“This was the best Kwanzaa season yet!” my husband Teli beamed after returning home from an evening at Holton Resource and Career Center. I too felt the totality of the holiday. The Magic of African Rhythm wore many hats during the week-long celebration.
Since moving to NC in 2003, the Hayti Heritage Center has remained my foundation of black culture in Durham, given its history. I can’t imagine Kwanzaa without an event at the Hayti. It was an honor to step up as the organizer of their annual Hayti Heritage Kwanzaa celebration but mainly to serve my community and see the joy on their faces.
Known in the community as “Baba Teli”, led the drummers and the procession of elders guided by Baba Chuck Davis at Holton’s Kwanzaa celebration. Unlike last year where both Teli and I performed while sick with the flu last Kwanzaa season, it was pure joy to watch Teli on stage this year. As the duo Balankora, Teli played kora and his sister Mabinti Shabu played balaphon, both traditional griot instruments. Griots are the name for oral historians in Francophone Africa. But the highlight was when jazz trumpeter and arranger Al Strong invited Teli on stage, calling him “one of the baddest drummers I know”.
Every year, the seven-day Kwanzaa celebration culminates at the Durham Armory with KwanzaaFest hosted again by Baba Chuck Davis and The African American Dance Ensemble. Ezibu Muntu, a Virginia-based dance and drum ensemble, raised the roof off the armory this year. Their ranks have swelled with new hungry young drummers powering the dancers’ feet. Teli and I were in our glory. This time not as organizers or performers, but as a vendors. Teli had just released Balankora’s first album, not quite an EP, just three songs, but potent enough to call it “One Dose”. Our son Delacey was invaluable help that final day arranging our business cards, cds and a listening station. The Magic of African Rhythm also had an assortment of different shaped and sized mbiras for sale. Mbiras are commonly known as thumb pianos. Teli hand-makes these music boxes and has even customized them for child-sized hands as well because anyone can make these instruments sing.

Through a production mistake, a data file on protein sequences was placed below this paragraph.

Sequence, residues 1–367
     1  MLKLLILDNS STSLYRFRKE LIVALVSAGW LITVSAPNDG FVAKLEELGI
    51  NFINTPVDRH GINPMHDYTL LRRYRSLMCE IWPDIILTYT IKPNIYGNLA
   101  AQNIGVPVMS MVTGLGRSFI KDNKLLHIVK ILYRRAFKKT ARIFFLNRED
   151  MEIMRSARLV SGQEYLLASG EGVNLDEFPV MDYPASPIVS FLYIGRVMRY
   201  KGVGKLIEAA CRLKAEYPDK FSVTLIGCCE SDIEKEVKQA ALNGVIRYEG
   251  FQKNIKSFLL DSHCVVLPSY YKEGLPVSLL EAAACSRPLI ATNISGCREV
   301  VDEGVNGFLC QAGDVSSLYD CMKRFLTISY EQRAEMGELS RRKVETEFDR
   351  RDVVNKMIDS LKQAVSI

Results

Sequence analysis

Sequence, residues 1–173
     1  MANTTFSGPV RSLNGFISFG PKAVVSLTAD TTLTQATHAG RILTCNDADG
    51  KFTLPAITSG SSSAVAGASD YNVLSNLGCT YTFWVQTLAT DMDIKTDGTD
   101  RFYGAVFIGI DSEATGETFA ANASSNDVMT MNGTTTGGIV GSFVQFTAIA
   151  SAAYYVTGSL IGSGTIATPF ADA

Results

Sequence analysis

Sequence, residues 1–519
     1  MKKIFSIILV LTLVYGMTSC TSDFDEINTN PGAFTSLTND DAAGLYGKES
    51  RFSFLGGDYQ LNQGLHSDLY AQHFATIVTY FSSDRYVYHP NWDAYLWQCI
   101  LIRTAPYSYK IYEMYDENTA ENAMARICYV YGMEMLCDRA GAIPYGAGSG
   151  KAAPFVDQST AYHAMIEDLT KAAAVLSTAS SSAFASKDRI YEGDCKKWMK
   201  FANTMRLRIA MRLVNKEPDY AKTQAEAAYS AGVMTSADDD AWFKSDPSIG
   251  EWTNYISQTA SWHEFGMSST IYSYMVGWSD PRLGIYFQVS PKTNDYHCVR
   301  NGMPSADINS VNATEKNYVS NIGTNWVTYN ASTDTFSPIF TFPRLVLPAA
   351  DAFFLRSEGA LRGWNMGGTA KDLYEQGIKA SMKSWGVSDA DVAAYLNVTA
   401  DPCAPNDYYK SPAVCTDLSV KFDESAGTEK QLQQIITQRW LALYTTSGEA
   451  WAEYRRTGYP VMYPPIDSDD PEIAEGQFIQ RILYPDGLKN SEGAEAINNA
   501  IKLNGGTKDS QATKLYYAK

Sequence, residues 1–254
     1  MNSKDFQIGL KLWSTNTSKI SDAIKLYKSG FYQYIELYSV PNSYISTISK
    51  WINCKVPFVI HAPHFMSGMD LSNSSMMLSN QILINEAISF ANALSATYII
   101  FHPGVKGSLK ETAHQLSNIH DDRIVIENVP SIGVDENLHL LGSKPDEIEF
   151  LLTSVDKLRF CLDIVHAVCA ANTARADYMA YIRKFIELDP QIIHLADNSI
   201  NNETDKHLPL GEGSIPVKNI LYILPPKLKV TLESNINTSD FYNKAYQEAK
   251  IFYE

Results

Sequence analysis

My friends’ mother from California has been celebrating Kwanzaa for over 30 years. She shared with us the first traditions of families coming over to one another’s homes and sharing a feast (karamu). Our cohort of seven or so families have been honoring this part of Kwanzaa’s tradition for the past five years. Each family hosts a night and it’s accompanying Nguzo Saba, or Kwanzaa Principle. Ujima [Collective Works and Responsibility] was our night. We crowded around the kinara lit with flaming candles as we sang “Oh, oh oh. Joy has come to the earth today. Let’s celebrate. Our heritage. Our togetherness.”
“This was the best Kwanzaa season yet!” I agreed with Teli and thought about the fullness of our lives this past year. As a family we had completed a 10 week no- sugar candida diet. As a couple we had fasted during the Winter Solstice. My yoga practice has been disciplined and I have more peace in my life as a result. And Teli was still riding the high from his 2013-2014 Emerging Artist Grant Award. We closed out 2014 with a lot to be thankful for.